When Does Perceptual Learning Happen?
Decades ago, psychologists thought that perceptual learning only took place at the early stages of development. They observed children playing and recognized it as perceptual learning. But psychologists have changed their tune. Perceptual learning doesn’t just occur in childhood. Adults can also undergo perceptual learning and build their skills. With the right types of perceptual learning, an adult can learn how to see a baseball moving at 100mph or distinguish between two different musical notes.
Forms of Perceptual Learning
If children play, adults practice. (Don’t worry, adults can play, too!) Perceptual learning is essentially the explanation behind the phrase “practice makes perfect.” As you continue to play baseball and practice these skills, you give yourself the opportunity to form new connections in your brain and improve the speed in which you make meaning of stimuli.
Perfect Practice Makes Perfect
For some people, four hours a day at the batting cages will tremendously help them hit a baseball. For others, four hours a day will help until the player reaches a plateau.
Vince Lombardi once said, “Practice does not make perfect. Only perfect practice makes perfect.” And he’s right! Simply repeating an action over and over and over is not going to make those connections in the brain that are necessary for building skills. Other factors play into whether practice is perceptual learning.
Practice Vs. Perfect Practice
What makes practice “perfect?” Let’s explore a few different ways.
- Simply putting more focus and attention into practice is a form of perceptual learning. Mindlessly hitting baseballs while you think about your grocery list is not going to help you build skills. Focusing on each swing and your technique is going to give your mind more to process and more opportunities to build your skills.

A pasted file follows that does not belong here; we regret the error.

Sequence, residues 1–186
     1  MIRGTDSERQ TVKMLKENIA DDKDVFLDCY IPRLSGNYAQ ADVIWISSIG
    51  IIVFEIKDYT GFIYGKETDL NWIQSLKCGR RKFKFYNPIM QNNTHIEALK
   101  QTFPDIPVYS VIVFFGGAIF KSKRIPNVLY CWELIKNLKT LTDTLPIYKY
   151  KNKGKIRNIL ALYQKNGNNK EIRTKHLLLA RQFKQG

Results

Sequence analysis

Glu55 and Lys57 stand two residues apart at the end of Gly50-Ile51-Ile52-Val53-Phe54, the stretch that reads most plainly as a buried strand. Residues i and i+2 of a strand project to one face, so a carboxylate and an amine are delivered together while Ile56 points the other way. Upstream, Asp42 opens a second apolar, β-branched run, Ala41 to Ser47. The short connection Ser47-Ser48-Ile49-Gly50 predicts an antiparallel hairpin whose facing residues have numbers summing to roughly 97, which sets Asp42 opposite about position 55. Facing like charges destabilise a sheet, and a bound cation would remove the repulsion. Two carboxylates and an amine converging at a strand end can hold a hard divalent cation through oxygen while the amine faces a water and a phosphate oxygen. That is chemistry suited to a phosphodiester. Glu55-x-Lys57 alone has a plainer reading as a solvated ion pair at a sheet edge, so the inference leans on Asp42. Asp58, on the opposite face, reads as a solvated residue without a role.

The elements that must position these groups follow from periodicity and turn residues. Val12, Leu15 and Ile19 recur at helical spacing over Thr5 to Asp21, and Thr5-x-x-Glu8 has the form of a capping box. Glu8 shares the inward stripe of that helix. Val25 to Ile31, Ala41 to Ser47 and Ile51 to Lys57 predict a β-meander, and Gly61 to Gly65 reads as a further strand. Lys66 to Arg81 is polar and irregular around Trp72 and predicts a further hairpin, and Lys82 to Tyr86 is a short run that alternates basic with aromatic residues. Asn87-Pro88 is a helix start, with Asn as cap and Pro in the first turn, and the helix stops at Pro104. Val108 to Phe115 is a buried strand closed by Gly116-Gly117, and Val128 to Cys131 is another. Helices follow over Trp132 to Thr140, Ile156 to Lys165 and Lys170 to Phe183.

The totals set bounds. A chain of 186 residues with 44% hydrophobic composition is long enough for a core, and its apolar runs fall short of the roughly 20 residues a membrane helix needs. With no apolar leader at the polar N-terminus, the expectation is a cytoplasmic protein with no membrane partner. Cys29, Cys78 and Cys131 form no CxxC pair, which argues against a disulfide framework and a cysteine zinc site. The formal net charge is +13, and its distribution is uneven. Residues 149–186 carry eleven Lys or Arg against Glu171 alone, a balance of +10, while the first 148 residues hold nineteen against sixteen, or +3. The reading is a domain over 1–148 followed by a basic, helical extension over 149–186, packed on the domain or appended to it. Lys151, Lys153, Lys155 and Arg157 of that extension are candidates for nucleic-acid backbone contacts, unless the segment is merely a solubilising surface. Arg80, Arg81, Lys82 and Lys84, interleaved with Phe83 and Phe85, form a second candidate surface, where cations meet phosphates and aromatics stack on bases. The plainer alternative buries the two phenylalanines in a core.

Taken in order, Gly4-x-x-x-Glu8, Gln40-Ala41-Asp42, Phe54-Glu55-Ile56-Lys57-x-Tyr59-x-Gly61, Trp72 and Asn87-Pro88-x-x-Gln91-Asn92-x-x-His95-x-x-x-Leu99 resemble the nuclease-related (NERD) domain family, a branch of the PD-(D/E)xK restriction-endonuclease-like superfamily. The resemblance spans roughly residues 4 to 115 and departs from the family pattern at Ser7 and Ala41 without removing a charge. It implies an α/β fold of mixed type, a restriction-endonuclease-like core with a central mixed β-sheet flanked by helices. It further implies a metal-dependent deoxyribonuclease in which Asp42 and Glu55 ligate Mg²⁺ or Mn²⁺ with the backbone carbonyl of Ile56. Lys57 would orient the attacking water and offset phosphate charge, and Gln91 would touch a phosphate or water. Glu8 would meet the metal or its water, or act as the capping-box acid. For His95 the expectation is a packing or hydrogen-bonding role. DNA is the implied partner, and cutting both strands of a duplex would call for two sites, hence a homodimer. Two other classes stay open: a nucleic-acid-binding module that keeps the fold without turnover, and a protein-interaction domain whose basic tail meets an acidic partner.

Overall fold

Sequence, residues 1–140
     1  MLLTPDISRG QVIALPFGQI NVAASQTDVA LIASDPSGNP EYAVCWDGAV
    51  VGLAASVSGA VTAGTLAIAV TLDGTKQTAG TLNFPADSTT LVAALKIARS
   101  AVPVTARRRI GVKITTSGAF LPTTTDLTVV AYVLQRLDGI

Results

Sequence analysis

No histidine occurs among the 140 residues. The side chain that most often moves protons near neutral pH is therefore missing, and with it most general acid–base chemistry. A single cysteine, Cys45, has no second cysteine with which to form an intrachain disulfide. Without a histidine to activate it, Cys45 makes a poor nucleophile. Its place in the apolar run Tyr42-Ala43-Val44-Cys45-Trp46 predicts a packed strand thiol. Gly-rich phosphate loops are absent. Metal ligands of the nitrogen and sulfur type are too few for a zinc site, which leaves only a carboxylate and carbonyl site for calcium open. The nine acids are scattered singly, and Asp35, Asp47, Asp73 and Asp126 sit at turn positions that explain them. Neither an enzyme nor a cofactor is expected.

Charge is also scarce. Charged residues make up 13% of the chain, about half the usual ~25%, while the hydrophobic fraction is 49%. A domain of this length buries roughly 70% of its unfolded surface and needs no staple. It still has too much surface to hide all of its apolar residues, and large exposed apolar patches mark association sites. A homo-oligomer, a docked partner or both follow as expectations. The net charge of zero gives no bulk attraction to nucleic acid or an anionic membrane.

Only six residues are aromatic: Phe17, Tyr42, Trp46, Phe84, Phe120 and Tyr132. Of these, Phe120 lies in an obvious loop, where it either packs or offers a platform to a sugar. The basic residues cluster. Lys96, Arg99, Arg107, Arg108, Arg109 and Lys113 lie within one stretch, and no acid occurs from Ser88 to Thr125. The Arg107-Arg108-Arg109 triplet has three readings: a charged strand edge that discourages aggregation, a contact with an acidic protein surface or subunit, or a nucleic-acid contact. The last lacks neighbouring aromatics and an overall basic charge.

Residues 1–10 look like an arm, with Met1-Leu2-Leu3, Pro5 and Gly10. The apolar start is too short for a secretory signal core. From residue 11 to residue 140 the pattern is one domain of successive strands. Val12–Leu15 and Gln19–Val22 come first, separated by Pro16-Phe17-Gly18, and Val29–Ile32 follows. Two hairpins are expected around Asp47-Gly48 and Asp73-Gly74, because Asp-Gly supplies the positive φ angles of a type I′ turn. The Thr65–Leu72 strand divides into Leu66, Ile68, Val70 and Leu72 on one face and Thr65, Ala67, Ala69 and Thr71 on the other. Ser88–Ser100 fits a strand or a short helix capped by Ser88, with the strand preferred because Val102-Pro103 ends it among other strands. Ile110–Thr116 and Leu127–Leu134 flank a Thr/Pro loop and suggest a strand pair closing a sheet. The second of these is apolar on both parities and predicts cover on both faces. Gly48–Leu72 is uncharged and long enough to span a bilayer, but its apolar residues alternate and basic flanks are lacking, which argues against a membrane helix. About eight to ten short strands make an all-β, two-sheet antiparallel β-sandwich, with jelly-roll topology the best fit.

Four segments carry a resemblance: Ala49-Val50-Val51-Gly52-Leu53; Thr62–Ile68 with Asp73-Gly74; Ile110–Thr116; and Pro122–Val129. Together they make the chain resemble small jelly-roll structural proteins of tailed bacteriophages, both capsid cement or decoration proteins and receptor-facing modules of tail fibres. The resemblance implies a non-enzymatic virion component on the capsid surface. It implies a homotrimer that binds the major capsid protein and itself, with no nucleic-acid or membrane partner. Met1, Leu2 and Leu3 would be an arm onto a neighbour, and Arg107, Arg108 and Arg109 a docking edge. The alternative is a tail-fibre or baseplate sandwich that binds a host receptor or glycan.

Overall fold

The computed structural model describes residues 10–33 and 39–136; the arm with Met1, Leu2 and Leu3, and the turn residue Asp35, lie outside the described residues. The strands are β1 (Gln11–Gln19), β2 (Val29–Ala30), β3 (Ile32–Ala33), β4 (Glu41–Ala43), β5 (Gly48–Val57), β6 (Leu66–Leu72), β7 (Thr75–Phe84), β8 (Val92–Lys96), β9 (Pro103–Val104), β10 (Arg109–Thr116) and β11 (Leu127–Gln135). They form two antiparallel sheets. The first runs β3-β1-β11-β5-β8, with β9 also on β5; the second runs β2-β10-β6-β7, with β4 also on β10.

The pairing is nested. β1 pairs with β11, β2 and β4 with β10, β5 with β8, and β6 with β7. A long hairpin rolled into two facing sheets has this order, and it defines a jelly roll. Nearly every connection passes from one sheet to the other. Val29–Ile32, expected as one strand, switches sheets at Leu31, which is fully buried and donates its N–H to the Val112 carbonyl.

- Intentionally trying new things is a form of perceptual learning. Have you ever heard the phrase, “The definition of insanity is doing the same thing over and over again and expecting a different result?” That is also the definition of imperfect practice. There are many different ways to hit a baseball. There are many different ways to stand at the plate or grip the bat. Intentionally trying something new is more likely to yield a different, and hopefully better, result.
- Assessing the results of your batting practice is a different skill than stepping up to the plate and swinging. This creates more connections in the brain and gives you more information on your growth, skills, and where you are going.
What is the best way to practice the skills you want to learn? I can’t tell you in this video. If you have a goal you want to hit or a skill you want to build, it’s important to reach out to experts who have engaged in perceptual learning and can help you turn practice into perfect practice.